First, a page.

he long-anticipated changes to the Municipal Conflict of Interest Act came into effect on March 1, 2019. The Modernizing Ontario’s Legislation Act, 2016, also known as Bill 68, passed third reading and received Royal Assent in Ontario’s Legislature on May 30, 2017. Bill 68 amended 16 pieces of legislation at that time and included changes to the Municipal Act, 2001 and the City of Toronto Act, 2006 that required municipalities to begin to appoint Integrity Commissioners. Bill 68 also made important amendments to the Municipal Conflict of Interest Act, but these latter amendments were not scheduled to come into effect until a much later date. The new legislation has introduced significant changes to the conflict of interest regime that applies to elected officials, such as school board trustees.
The Municipal Conflict of Interest Act is legislation that operates alongside school board codes of conduct. Its provisions govern the determination of when a trustee has entered a conflict of interest, and set out the legal recusal requirements and potential repercussions that apply if a conflict arises. The basic definition of a conflict of interest remains unchanged by the amendments under Bill 68. It remains the case that a conflict of interest arises where a trustee has a pecuniary interest in a matter that is before the board of trustees and that interest is not remote.
Under the Municipal Conflict of Interest Act, a pecuniary interest that gives rise to a conflict may take one of three forms:
- A direct pecuniary interest, which arises from the trustee themselves having a monetary or economic interest in a matter.
- An indirect pecuniary interest, which arises from the trustee being a shareholder, owner, part-owner, director, officer, or member of a corporation or body having a monetary or economic interest in a matter.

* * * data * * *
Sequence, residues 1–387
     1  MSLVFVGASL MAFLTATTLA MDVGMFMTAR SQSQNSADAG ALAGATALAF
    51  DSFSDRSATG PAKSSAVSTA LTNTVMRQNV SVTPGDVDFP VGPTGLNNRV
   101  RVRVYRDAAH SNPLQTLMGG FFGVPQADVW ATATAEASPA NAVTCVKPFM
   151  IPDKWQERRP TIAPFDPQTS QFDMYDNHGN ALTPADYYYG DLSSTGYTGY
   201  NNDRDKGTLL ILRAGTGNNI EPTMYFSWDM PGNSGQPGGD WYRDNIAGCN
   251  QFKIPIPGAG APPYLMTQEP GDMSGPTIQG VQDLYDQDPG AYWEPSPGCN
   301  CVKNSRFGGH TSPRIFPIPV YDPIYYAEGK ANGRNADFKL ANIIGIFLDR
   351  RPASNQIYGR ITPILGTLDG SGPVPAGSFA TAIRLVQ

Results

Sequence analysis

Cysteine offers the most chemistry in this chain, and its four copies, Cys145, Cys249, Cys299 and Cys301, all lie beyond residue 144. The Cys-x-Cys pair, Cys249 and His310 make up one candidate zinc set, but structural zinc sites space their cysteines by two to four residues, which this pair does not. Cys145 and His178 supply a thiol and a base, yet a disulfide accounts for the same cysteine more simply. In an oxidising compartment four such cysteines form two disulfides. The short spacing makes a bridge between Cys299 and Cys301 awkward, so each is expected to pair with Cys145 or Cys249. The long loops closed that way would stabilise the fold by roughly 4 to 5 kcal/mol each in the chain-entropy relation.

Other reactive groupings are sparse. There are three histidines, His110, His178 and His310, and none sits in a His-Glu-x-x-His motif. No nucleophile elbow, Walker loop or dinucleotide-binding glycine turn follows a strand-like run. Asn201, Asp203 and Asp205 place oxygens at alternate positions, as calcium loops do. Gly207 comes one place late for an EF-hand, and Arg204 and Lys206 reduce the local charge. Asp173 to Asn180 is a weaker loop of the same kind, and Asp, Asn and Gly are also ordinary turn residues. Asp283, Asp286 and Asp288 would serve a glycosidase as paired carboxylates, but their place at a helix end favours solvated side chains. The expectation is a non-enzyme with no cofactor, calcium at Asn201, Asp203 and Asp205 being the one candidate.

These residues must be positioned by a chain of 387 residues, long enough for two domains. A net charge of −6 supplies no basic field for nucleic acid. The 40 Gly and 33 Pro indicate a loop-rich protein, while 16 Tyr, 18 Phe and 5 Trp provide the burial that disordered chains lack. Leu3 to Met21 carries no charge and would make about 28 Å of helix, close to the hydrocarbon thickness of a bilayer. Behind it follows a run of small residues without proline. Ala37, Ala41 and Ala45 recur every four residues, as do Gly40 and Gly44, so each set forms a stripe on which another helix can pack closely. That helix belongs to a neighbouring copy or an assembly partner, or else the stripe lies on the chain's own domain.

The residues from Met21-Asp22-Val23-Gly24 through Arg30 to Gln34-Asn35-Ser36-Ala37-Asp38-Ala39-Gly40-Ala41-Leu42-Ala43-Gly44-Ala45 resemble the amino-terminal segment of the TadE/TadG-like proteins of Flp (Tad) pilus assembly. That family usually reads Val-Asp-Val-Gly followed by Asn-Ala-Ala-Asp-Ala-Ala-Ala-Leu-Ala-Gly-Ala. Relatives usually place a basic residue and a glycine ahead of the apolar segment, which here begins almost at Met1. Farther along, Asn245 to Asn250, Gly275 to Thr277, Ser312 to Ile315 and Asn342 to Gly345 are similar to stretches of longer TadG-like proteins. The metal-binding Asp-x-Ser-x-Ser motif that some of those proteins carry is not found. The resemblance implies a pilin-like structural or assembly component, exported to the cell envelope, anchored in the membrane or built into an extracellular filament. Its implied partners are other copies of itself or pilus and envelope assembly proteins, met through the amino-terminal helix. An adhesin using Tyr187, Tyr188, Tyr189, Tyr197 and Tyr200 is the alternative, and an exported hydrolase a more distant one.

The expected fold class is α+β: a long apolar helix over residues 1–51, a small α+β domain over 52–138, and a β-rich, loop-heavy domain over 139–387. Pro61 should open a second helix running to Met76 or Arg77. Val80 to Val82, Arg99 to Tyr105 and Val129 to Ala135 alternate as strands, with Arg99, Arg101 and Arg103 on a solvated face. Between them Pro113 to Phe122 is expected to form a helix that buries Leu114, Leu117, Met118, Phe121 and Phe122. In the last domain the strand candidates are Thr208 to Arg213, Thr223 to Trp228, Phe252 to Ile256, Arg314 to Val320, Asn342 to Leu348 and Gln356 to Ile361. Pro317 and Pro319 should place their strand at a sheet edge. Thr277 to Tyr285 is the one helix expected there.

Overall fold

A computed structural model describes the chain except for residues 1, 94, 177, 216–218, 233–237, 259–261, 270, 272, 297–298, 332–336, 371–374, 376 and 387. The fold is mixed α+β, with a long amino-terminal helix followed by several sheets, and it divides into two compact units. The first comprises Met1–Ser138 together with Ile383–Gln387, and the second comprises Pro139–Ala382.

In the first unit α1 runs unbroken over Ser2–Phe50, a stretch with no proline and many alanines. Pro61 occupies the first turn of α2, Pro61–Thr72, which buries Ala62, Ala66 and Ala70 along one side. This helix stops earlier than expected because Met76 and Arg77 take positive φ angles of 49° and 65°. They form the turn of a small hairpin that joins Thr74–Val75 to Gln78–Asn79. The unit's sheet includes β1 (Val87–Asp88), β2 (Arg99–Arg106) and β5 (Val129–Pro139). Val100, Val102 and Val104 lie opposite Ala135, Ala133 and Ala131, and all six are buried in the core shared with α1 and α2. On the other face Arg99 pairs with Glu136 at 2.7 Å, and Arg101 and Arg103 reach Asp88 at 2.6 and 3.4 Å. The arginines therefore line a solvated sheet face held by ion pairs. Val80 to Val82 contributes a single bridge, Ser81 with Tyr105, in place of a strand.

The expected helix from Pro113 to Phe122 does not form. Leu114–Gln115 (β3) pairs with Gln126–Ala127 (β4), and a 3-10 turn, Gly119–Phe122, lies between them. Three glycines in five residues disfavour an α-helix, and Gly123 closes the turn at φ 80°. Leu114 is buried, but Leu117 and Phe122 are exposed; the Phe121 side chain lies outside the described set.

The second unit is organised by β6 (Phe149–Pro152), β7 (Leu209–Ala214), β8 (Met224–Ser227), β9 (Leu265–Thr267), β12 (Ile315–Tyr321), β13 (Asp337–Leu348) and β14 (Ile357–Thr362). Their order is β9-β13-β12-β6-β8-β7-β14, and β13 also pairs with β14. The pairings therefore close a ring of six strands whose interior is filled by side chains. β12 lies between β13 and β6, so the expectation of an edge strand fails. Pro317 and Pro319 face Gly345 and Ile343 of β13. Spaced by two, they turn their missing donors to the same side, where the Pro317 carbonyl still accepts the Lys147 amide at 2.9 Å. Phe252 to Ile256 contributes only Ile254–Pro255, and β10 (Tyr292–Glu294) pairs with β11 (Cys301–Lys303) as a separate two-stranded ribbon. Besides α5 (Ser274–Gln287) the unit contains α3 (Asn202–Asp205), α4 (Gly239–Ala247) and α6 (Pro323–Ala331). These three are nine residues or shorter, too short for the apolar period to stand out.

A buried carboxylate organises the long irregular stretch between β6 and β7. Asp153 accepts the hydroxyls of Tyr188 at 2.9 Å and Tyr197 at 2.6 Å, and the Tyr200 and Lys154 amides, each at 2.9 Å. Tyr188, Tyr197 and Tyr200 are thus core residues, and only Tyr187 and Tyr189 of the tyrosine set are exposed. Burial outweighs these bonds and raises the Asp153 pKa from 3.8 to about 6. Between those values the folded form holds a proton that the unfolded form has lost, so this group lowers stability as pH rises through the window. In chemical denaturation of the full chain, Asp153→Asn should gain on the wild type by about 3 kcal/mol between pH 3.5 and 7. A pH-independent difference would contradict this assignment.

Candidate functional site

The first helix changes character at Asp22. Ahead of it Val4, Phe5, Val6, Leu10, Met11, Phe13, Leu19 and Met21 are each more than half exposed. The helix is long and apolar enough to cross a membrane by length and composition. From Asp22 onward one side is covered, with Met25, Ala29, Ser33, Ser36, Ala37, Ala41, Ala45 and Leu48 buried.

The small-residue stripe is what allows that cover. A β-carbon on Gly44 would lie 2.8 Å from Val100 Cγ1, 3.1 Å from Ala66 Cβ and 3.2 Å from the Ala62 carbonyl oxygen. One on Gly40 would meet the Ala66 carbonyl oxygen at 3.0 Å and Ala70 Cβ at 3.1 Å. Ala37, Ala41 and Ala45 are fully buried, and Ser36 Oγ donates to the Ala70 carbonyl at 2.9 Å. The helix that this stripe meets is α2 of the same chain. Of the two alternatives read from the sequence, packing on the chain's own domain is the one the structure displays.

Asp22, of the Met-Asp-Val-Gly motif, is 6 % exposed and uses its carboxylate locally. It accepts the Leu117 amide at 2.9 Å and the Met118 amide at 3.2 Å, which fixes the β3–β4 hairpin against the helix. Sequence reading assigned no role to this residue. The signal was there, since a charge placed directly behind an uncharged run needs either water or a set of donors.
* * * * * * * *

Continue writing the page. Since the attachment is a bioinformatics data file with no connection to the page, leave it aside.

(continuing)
- A deemed pecuniary interest, which arises when the parent, spouse or child of the trustee has a direct or indirect pecuniary interest that is known to the trustee.
- The standard for finding a conflict of interest is strict in most cases. As noted by Ontario’s Divisional Court in Re Moll and Fisher:1
- "Trustees, like Caesar’s wife, must be, and appear to be, beyond temptation and reproach."
- As the court went on to state in that decision, the Municipal Conflict of Interest Act “enjoins holders of public offices within its ambit from any participation in matters in which their economic self-interest may be in conflict with their public duty”.2
Where a trustee has any pecuniary interest in a matter to be discussed by the board of trustees, the Municipal Conflict of Interest Act enumerates mandatory measures to be taken by the trustee to recuse themselves. For example, trustees having a conflict of interest are required to disclose their interest prior to any consideration of the matter at a meeting, not take part in any discussion or vote concerning any question in respect of the matter, not attempt to influence such voting, and, in the special case of an in camera meeting, to leave the room where the meeting is held for the duration of the consideration.
Impact on School Boards
While the amendments that came into force on March 1, 2019 will not change the Municipal Conflict of Interest Act’s strict standard or its recusal requirements, school boards are required to adopt new procedures to administer these requirements and trustees who violate these standards will also be subject to new consequences.